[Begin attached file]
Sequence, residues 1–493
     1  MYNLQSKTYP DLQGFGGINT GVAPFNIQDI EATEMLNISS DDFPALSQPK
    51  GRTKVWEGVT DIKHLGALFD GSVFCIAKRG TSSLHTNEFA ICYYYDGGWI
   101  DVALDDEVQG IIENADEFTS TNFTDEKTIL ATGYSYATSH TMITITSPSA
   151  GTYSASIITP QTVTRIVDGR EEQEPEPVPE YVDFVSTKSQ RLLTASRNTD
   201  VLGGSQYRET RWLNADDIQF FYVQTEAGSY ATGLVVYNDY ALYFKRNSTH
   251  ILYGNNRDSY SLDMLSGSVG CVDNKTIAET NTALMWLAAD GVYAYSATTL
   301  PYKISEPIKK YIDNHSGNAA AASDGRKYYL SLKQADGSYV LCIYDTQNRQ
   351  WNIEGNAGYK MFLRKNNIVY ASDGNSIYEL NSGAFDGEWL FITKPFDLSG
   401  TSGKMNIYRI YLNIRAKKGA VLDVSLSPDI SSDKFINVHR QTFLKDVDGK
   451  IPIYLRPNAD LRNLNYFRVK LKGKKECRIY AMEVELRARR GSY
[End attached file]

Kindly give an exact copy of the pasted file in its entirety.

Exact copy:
Sequence, residues 1–493
     1  MYNLQSKTYP DLQGFGGINT GVAPFNIQDI EATEMLNISS DDFPALSQPK
    51  GRTKVWEGVT DIKHLGALFD GSVFCIAKRG TSSLHTNEFA ICYYYDGGWI
   101  DVALDDEVQG IIENADEFTS TNFTDEKTIL ATGYSYATSH TMITITSPSA
   151  GTYSASIITP QTVTRIVDGR EEQEPEPVPE YVDFVSTKSQ RLLTASRNTD
   201  VLGGSQYRET RWLNADDIQF FYVQTEAGSY ATGLVVYNDY ALYFKRNSTH
   251  ILYGNNRDSY SLDMLSGSVG CVDNKTIAET NTALMWLAAD GVYAYSATTL
   301  PYKISEPIKK YIDNHSGNAA AASDGRKYYL SLKQADGSYV LCIYDTQNRQ
   351  WNIEGNAGYK MFLRKNNIVY ASDGNSIYEL NSGAFDGEWL FITKPFDLSG
   401  TSGKMNIYRI YLNIRAKKGA VLDVSLSPDI SSDKFINVHR QTFLKDVDGK
   451  IPIYLRPNAD LRNLNYFRVK LKGKKECRIY AMEVELRARR GSY